Play fast but don’t rush.
To some it might seem contradictory to say play fast but don’t rush but for me, this is one of the things that separates good players from great players.
A good player plays full speed. As soon as the ball comes to him he tries to get rid of it as quickly as possible (either by kicking it away, shooting right away or dribbling at full speed). The great player thinks quicker so has more time to make a decision and thus is more likely to make the right decision.
The good player is always thinking in the “now”. What should I do now? I just received the ball where should I pass now? Who should I mark now?
The great player is thinking 2, 3 or even 4 plays ahead so already knows the options and possibilities.
How does one learn to play fast and not rush? For some it comes naturally. For the special few they just see the game differently than the others. For the rest of us, it is something we can improve upon.
First, the better our first touch is the easier it is to play faster without rushing. When our first touch puts us into trouble everytime we will always be in the “now”. When we get to the point where we are consistently playing a good first touch it allows us to plan our next move earlier. Working on the technical side of our game will allow us to improve out tactical side as well.
Second, we have to train at the same speed (or even faster) than we play. If we train at half speed, we will constantly feel rushed when forced to play at full speed. One way to do this is to use small spaces in training to add pressure and force quicker play. Another option is to play numbers down games (teams frequently work in numbers up situations but playing numbers down will force quicker play.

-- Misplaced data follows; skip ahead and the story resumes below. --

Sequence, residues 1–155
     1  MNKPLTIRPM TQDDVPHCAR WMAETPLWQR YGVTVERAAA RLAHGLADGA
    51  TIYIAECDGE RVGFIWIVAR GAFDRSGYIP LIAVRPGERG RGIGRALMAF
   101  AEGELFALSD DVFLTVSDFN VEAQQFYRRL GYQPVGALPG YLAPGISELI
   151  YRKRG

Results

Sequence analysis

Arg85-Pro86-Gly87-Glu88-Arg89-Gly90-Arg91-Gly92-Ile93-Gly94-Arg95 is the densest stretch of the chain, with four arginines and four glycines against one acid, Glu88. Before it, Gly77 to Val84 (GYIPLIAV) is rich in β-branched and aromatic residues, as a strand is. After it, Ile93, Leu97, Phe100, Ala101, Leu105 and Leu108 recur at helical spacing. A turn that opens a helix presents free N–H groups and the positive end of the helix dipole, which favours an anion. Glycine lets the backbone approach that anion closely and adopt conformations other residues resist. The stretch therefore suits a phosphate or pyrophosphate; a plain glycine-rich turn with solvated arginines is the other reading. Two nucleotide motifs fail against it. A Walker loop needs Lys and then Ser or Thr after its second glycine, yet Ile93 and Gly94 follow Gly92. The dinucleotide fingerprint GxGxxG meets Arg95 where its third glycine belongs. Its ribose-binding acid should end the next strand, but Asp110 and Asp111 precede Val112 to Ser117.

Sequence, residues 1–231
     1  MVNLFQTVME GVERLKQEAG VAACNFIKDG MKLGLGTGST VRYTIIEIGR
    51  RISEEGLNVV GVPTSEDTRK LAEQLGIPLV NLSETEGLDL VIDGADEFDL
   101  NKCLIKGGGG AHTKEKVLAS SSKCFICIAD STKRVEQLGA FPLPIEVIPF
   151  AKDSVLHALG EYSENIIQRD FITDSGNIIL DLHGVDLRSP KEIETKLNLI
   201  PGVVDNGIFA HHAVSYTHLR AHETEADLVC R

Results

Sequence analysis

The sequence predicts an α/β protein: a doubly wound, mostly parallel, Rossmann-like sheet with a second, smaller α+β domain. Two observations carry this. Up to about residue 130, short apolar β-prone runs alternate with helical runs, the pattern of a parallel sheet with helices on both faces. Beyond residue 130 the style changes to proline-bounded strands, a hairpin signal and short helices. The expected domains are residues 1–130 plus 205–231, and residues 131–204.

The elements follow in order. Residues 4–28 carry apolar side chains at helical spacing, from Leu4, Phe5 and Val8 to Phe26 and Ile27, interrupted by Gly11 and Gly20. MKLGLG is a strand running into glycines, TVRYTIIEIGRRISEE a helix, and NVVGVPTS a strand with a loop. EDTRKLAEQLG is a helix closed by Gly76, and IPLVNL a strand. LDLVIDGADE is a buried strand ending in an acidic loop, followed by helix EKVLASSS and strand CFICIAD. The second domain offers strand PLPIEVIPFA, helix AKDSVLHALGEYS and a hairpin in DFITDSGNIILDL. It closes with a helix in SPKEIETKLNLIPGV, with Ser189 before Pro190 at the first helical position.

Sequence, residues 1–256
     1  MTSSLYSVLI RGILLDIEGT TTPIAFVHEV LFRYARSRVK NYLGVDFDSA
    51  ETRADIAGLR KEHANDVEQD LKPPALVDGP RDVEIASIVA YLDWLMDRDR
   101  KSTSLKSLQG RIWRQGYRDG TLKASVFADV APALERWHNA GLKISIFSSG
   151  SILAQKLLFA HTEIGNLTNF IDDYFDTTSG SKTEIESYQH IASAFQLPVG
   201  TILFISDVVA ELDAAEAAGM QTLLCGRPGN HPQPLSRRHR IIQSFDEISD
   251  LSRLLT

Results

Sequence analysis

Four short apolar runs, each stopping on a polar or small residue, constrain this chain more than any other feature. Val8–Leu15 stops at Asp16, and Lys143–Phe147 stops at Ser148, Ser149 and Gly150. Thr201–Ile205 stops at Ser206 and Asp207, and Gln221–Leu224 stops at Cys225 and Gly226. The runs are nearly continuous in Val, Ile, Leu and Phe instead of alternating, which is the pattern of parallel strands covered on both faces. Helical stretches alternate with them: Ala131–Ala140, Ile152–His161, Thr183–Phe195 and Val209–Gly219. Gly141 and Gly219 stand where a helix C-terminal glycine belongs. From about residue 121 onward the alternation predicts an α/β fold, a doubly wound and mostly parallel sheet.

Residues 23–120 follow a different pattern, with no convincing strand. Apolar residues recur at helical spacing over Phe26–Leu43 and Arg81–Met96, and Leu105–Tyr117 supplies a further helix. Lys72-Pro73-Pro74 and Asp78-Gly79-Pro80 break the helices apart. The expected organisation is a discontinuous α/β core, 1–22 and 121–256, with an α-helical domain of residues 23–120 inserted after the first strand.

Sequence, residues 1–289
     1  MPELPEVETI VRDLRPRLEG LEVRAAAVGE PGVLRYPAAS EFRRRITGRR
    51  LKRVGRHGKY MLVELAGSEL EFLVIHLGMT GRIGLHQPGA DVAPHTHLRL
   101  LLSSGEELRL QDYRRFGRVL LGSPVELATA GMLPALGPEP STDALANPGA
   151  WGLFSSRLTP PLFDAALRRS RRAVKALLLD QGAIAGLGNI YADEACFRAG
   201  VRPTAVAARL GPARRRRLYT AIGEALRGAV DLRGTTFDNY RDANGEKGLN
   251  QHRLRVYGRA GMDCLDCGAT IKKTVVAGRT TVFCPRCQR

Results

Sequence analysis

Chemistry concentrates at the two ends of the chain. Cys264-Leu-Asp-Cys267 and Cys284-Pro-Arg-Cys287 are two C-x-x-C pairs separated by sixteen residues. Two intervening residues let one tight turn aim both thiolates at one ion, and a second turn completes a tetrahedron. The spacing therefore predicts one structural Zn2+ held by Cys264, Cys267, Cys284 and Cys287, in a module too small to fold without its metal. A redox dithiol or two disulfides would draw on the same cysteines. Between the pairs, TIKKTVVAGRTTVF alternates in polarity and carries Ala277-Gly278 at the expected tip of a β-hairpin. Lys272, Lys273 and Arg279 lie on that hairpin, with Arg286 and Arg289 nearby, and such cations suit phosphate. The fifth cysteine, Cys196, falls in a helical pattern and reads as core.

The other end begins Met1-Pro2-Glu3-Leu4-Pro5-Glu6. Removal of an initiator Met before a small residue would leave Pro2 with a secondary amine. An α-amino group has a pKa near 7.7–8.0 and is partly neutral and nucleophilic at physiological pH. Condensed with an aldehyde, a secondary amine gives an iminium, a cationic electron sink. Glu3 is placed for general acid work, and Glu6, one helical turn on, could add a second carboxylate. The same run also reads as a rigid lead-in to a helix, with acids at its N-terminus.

Third, the more we see better players play the easier it will be to see how they handle certain situations. Seeing the “picture” of how others handle certain situations will allow you to figure out the best way for you to handle this situation as well.
Fourth, realize that what happens off the ball will dramatically effect how quickly the player on the ball plays. If they have options before the ball arrives they will be able to play first time balls or play quick combinations but if they have to hold the ball in order to wait for support that will cause them to play slower and feel rushed.
Work on playing faster without being rushed and it will help you progress as a player (and coach). Drills and exercises specifically to help your team play quicker can be found on the DVD, Play Quicker.
Have a great day!